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South African period to September 1961

During this period, I was obsessed with not using recognisable forms.  I wanted to prove everything could be reinterpreted in abstract form using colour to express the missing identity. My work ranged from the simplest virtually blank boards to Pollock type chaotic representations of the world around me.

Typical titles were: Abstract portrait of Sheep and Baby.  The colours of the mother were bold, the forms plain all protecting the soft pastels and unformed shape of the lamb.  Abstract portrait of The Barn Owl which looked like a Mondrian rip off in his strict geometrical period.  And then there was an abstract portrait of my Sister which contained swirls of reds and soft creams expressing her deeply contained fiery nature.

Virtually all of my work at this time was about translating or interpreting the characters of creatures great and small in abstract form with colour having equal work to do in conveying the message.

By the time I left South Africa, I was beginning to be dissatisfied with pure abstraction. I could not put enough meaning into the paintings.  I could see more than I could express.  I wanted to say more than I could with pure shape and form.

I had a problem.  I was a committed non representational artist. Furthermore, I could not draw very well.  I had not discovered light and shadow.  I refused to be tutored. I was determined to learn my art by trial and error.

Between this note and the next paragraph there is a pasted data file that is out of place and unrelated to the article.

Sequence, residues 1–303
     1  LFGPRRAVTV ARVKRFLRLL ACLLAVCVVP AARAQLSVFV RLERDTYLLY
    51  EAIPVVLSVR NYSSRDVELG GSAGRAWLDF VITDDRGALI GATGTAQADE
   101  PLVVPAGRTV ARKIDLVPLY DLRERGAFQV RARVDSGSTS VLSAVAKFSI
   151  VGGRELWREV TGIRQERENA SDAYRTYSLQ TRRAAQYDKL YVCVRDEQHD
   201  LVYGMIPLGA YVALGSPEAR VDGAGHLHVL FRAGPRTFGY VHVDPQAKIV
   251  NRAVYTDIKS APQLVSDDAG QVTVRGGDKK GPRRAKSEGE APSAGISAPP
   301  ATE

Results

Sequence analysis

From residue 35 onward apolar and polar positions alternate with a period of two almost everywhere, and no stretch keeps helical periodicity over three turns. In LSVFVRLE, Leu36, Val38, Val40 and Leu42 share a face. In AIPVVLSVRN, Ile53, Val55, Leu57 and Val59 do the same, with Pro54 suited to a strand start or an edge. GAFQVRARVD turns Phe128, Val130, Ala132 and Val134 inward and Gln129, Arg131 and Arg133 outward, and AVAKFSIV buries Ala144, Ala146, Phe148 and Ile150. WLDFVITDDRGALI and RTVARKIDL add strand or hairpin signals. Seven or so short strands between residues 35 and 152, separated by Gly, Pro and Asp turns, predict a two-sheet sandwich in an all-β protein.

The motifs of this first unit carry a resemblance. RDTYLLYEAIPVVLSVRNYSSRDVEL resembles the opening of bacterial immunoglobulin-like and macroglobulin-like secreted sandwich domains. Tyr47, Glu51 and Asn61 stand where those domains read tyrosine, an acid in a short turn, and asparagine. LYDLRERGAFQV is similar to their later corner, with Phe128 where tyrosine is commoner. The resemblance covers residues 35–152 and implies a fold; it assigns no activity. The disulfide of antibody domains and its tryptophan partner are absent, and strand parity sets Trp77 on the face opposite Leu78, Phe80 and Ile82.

I was concerned about being tainted by the establishment.  If I went to art school, I would be moulded by their thinking.   I wanted to retain my independence.  Formal training would inevitably corrupt me.  But I was beginning to feel a need to acquire greater graphic skills.  I had no skill in painting perspective.  At that stage, I had no need of it.  I would have to learn the hard way - 30 years later.

Some time during this period, I think it was the Summer of 1960, there was an exhibition in Joubert Park, Johannesburg.   Anybody could exhibit. This was my one and only exhibition of my paintings.   It was very exciting, as much because of the other artists showing - from all ethnic groups.  New horizons opened, new relationships formed across the ethnic divide and this sewed the seeds of my dissatisfaction.  I wanted to achieve fame and fortune in London.  I wanted to escape from the confrontation between races.  I wanted to be free to consort with whom I pleased.

I sold one painting, Number 35, entitled "Gentle Optimism and Pessimism" for about 15 framed.  The frame cost about 8.  It was not one of my best paintings.  It was a bit of a daub using left over paint.  It was a sort of abstract landscape.  This is the only painting I have ever sold other than to my Mother and it was to Mrs Bullen Smith of Park Road, Grahamstown in April 1961, bless her.

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